There was a significant delay between the introduction of legislative changes and the availability of an accredited educational course.7 One university commenced enrolling students in the first accredited course in July 2012. Four universities now offer accredited courses and it is anticipated that other education providers will offer courses in response to an increasing demand. 


Competency and responsibility 

NPS MedicineWise outlines the responsibilities of all Australian prescribers to select drugs that are clinically effective, safe, cost-effective and are acceptable to the patients.8 The Australian College of Midwives’ National Midwifery Guidelines for Consultation and Referral9 outline the conditions for which consultation with, or referral to, a medical practitioner is recommended. These frameworks serve to create a safe environment for midwifery prescribing.

Protocols to guide midwifery prescribing in Australia have not been developed, however prescribing occurs within a defined scope of practice and with clear guidelines for professional accountability and responsibility.5 This scope of practice includes prescribing for the woman and her infant, up to the end of the sixth postnatal week. No formal process is in place for supervision or monitoring of midwifery prescribing. While there is no regulatory requirement for midwives to notify the woman’s medical practitioner that a prescription has been generated, good communication with members of the woman’s care team is included in the guidelines for professional practice, so this would be expected to occur.

Midwifery prescribing is well established in New Zealand and the United Kingdom within a similar professional framework. Research undertaken to date has found no evidence to suggest poor outcomes arising from the introduction of non-medical prescribing in those countries.10


What can midwives prescribe? 

The Nursing and Midwifery Board of Australia has developed a formulary to help midwives select appropriate drugs.11 This lists drugs, the indication for their use and the duration of their use. It includes drugs such as antibiotics, opioids and uterotonics.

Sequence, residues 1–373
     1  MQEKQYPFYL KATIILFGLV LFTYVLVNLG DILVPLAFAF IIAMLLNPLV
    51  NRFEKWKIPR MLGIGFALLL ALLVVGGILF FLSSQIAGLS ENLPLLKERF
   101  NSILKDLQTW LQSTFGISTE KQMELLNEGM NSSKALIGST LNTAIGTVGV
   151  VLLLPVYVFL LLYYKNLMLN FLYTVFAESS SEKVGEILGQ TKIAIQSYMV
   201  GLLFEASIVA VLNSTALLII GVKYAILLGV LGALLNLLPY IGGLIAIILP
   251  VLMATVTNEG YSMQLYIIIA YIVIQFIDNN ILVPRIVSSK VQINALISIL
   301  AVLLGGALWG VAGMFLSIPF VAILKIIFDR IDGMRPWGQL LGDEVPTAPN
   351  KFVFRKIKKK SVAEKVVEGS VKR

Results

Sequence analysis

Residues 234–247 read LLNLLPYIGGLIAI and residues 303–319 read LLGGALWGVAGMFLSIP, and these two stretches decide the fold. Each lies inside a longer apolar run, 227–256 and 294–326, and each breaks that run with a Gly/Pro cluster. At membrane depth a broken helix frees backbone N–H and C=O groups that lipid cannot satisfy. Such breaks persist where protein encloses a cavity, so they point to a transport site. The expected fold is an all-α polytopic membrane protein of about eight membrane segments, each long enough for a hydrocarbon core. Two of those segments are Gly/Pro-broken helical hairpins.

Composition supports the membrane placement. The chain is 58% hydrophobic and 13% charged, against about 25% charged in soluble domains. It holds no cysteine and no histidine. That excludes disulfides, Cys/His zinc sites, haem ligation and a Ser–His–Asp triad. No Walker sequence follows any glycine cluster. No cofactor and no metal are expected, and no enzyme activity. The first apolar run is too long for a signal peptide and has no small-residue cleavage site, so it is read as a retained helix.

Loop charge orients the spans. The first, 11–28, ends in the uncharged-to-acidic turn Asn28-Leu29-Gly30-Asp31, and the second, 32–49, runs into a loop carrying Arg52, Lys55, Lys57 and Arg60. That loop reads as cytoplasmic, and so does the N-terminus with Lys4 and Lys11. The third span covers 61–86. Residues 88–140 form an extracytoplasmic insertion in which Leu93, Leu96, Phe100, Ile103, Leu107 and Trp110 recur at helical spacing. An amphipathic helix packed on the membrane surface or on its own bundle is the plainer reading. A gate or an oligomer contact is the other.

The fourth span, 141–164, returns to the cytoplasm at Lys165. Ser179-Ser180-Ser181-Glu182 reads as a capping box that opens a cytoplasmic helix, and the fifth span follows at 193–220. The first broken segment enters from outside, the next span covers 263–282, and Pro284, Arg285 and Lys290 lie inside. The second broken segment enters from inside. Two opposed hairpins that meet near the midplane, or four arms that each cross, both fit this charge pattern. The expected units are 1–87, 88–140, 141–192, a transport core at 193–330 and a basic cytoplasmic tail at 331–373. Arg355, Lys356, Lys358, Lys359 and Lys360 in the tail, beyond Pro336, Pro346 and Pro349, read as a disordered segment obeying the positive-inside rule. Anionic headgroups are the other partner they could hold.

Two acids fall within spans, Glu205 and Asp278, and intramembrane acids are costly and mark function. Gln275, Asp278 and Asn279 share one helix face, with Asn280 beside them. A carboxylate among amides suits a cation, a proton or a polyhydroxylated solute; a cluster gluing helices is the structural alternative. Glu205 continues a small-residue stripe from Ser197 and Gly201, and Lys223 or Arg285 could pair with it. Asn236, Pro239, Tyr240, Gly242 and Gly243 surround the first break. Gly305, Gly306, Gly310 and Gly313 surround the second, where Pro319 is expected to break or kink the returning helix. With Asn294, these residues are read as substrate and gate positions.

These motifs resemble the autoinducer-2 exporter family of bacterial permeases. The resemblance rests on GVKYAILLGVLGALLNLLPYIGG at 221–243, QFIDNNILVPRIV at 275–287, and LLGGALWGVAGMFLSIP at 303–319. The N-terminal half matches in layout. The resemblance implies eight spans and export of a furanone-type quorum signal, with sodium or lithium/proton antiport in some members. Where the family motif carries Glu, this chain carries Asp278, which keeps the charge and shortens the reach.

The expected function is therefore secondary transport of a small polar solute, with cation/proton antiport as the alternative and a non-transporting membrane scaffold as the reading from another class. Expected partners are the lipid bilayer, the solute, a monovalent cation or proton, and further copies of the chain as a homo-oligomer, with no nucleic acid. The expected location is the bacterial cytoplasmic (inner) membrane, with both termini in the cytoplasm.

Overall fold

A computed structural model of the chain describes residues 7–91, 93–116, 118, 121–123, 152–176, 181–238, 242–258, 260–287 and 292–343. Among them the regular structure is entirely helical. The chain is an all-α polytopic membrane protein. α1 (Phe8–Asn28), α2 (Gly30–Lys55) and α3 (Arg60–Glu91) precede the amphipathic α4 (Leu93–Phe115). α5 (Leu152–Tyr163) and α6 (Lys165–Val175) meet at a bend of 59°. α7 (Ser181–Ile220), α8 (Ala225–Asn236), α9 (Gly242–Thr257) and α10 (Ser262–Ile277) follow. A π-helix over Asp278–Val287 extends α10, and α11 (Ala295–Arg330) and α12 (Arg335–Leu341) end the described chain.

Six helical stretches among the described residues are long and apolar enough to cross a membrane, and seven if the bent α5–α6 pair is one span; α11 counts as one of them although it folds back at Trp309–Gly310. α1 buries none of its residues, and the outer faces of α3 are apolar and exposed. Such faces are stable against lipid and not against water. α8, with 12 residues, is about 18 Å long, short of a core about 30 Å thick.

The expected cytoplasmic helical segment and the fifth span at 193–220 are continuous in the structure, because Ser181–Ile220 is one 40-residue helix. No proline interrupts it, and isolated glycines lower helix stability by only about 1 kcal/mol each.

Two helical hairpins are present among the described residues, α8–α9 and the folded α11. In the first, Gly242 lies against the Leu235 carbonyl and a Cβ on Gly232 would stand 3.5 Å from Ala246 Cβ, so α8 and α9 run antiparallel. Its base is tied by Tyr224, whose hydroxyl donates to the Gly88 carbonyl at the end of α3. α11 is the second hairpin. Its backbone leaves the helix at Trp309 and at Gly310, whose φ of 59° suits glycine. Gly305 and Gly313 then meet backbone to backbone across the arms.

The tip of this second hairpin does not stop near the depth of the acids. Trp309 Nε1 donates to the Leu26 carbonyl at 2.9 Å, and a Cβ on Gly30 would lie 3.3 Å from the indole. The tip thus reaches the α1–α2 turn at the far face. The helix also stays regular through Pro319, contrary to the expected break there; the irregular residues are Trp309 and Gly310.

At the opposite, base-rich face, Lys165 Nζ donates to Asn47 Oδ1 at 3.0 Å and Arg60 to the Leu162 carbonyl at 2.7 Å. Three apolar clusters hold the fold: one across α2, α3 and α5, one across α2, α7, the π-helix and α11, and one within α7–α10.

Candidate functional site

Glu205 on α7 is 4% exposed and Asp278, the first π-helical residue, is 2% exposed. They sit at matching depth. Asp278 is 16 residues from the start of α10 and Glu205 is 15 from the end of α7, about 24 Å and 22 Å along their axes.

The formulary arose from a collaborative process involving midwives and obstetricians. It offers no rationale for the choice to include or exclude certain drugs from the list and it gives no evidence to support the indications. The formulary has not been reviewed since its inception, and there appears to be no program for review. 

Each Australian state and territory has its own drug regulations, and the governance of midwifery prescribing varies from one jurisdiction to another. Western Australian legislation requires midwives to only prescribe drugs according to the formulary.12 Victoria and Tasmania have generated a list of approved drugs, and place no restrictions on the indications for prescribing each drug or the duration of treatment.13,14 Queensland does not permit the prescribing of Schedule 8 drugs, but Schedule 4 drugs that are used in midwifery may legally be prescribed.15 New South Wales, South Australia and the Northern Territory have placed no limitations on midwifery prescribing, and provide full access to all the drugs used within the scope of midwifery care. 

Some of the drugs available through the PBS, such as antibiotics, attract subsidies when prescribed by midwives. Midwives in the Australian Capital Territory are restricted to only prescribe the drugs on the PBS list for midwives.16 The absence of a PBS listing does not prevent midwives in all other states from being able to legally prescribe these drugs as a private prescription. 


How many midwives are prescribing? 

The first midwife obtained the authority to prescribe in Australia in June 2012,17 by receiving retrospective recognition of a non-accredited course. It was not until completion of the first accredited course late in 2012 that additional midwives were endorsed. The numbers of prescribers have increased significantly since that time with 250 midwives having been endorsed by June 2016 (see Fig.). 


The future of midwifery prescribing

As increasing numbers of midwives complete accredited programs of education and commence prescribing, it is important to confirm that their prescribing is safe, appropriate and addresses the needs of women and their babies. No published research has yet addressed midwifery prescribing, as distinct from other forms of non-medical prescribing. We do not currently know what proportion of endorsed midwives actually prescribe, which drugs are used and the reasons they are prescribed.